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LRI-EMSG56 – The capacity of the endocrine system to cope with combined exposure to exogenous endocrine active substances at environmentally relevant concentrations – Deadline: 31 August 2010


There is concern expressed at international level that current risk assessment methodologies may be insufficient to protect against combined exposure to endocrine active chemicals, even when the individual exposures may be several orders below the no observed adverse effect level. A good example of this concern is a report prepared by Kortenkamp on the state of the art on Mixture toxicity. (1) This concern is based on a hypothesis that the endocrine system is uniquely sensitive to low doses of exogenous hormonally active substances. The experimental demonstration of additivity at relatively low doses is taken to imply the absence of a safe level of exposure.


The purpose of the research will be to investigate two alternative hypotheses.

Hypothesis 1: As omnivores, humans have evolved to cope with varying amounts of exogenous endocrine active substances such as phytoestrogens.  The homeostatic mechanisms have the capacity to adapt to the relatively low levels of endocrine active substances found in the environment.  Chemicals acting by the same mechanism can be accounted for within existing risk assessment procedures.

Hypothesis 2: As there are biologically active levels of endogenous endocrines circulating in humans, relatively small doses of exogenous endocrine substances can lead to adverse perturbations of the endocrine system.  They can have especially damaging effects at sensitive periods such as organ development.  The simultaneous presence of low levels of a large number of substances acting by the same mechanism can have effects that cannot be predicted by existing risk assessment procedures.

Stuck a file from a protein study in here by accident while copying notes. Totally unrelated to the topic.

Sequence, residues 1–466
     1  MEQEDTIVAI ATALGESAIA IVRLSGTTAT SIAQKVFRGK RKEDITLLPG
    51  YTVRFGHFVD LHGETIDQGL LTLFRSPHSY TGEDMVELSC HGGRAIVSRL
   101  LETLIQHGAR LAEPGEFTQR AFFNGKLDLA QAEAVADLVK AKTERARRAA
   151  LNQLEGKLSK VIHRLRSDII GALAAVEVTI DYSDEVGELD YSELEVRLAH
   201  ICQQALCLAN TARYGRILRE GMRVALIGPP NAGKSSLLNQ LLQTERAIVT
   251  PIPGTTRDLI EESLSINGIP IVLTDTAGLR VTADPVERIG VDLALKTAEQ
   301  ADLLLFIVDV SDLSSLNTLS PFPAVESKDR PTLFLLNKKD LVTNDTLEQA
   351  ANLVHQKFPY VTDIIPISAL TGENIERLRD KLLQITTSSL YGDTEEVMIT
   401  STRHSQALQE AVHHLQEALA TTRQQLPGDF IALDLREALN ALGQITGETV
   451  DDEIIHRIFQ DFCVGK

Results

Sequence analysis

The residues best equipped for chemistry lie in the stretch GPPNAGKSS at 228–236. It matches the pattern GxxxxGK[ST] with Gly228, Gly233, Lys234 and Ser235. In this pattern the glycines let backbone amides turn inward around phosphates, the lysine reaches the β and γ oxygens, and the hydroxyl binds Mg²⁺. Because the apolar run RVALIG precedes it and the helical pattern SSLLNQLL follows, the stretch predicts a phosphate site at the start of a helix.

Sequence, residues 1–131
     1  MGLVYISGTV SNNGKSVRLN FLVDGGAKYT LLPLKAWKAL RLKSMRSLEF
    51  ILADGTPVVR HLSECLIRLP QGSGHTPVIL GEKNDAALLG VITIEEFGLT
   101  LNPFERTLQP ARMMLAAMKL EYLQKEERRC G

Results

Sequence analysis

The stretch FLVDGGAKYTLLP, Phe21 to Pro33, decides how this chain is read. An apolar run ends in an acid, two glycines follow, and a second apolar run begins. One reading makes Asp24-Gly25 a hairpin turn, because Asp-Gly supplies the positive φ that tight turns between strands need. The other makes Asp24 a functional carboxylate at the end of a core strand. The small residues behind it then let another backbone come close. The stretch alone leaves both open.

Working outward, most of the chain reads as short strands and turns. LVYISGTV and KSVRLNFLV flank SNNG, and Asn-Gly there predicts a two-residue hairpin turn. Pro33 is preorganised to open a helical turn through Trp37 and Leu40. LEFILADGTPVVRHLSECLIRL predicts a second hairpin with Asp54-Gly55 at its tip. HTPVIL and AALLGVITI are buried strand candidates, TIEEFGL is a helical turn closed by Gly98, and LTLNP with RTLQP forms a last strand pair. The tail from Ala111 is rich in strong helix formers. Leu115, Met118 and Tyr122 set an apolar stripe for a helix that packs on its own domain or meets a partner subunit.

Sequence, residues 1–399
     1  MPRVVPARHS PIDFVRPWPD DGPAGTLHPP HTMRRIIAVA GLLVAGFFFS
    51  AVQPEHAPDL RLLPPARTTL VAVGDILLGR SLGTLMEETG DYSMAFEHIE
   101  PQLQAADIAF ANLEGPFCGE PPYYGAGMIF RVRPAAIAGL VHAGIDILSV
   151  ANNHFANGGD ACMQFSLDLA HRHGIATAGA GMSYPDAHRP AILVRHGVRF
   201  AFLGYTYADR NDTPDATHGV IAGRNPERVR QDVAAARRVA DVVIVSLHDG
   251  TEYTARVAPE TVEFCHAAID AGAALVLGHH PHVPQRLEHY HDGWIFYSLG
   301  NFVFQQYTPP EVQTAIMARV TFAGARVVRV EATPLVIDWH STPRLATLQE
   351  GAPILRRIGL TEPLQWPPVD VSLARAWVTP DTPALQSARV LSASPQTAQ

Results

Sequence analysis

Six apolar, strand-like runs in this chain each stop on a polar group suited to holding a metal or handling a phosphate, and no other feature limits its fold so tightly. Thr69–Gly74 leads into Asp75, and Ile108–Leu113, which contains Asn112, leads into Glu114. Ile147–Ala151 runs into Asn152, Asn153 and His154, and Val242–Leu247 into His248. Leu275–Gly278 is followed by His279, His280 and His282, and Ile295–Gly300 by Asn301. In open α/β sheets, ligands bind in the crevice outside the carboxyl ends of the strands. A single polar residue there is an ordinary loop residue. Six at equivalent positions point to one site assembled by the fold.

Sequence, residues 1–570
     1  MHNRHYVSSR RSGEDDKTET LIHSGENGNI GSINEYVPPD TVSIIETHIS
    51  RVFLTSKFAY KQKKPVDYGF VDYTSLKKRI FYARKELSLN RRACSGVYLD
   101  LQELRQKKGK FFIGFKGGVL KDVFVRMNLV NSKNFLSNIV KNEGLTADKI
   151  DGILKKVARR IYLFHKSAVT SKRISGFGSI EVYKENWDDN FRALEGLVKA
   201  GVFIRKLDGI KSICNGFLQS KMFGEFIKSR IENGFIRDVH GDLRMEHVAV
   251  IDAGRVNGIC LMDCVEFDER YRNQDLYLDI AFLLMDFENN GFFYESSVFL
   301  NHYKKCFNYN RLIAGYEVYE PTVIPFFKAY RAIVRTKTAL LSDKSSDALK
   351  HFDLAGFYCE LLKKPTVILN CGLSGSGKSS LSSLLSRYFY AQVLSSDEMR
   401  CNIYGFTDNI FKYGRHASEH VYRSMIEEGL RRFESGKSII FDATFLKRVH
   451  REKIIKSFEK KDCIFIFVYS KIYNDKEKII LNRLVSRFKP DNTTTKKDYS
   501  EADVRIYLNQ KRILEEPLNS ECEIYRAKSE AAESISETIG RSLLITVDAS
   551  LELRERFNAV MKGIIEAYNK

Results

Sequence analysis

The focus of the research will require that:

  1. An experimental whole animal model of homeostasis in mammalian regulation of sex hormones is described and demonstrated. The capacity of the processes by which exogenous endocrine active chemicals and their concentrations and relevant thresholds are accounted for by the model needs to adequately described
  2. The point of departure for pathological change is defined and anchored into the experimental design. The experimental demonstration will need to develop sensitive markers of endocrine activity close to, but below, the point of departure for pathological change.
  3. Suitable dose ranges of exogenous endocrine active chemicals, (natural and synthetic) should be tested to explore the ability of the endocrine system to compensate below the dose causing adverse changes and whether the response is the same between synthetic and natural chemicals. As the focus of this project is on low dose effects, the doses tested will need to be a compromise between realistic environmental exposure levels and the sensitivity of the model.
  4. Taking into account possible kinetic complexities, it would be useful to examine how this model responds to simultaneous exposure to different endocrine active substances and varying exposure levels. This will be a second phase of the project, depending on the demonstration of a sufficiently sensitive model of endocrine homeostasis.

It is essential that the principal demonstrations are performed in intact animal systems, although the model may be initially constructed with in vitro methodology if this is more efficient.


The Principal Investigator will be required to submit a progress report at six monthly intervals during the course of the programme. At the end of the project a detailed review of the research, and its accomplishments, will be provided by the Principal Investigator. It is expected that the results will be published in peer-reviewed journals and the investigators are encouraged to present their preliminary findings in appropriate scientific meetings.

Timing: Project to start beginning 2011 for up to 3 years

LRI funding: € 600.000


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